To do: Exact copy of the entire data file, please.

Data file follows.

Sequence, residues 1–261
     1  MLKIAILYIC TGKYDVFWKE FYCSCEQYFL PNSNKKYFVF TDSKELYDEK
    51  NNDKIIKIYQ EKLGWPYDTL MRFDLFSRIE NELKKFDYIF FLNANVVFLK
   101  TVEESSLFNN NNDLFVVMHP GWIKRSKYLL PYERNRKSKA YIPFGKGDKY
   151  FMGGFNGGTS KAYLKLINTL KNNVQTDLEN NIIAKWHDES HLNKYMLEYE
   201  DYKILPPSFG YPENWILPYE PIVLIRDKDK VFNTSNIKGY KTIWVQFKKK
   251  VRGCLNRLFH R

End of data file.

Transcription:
Sequence, residues 1–261
     1  MLKIAILYIC TGKYDVFWKE FYCSCEQYFL PNSNKKYFVF TDSKELYDEK
    51  NNDKIIKIYQ EKLGWPYDTL MRFDLFSRIE NELKKFDYIF FLNANVVFLK
   101  TVEESSLFNN NNDLFVVMHP GWIKRSKYLL PYERNRKSKA YIPFGKGDKY
   151  FMGGFNGGTS KAYLKLINTL KNNVQTDLEN NIIAKWHDES HLNKYMLEYE
   201  DYKILPPSFG YPENWILPYE PIVLIRDKDK VFNTSNIKGY KTIWVQFKKK
   251  VRGCLNRLFH R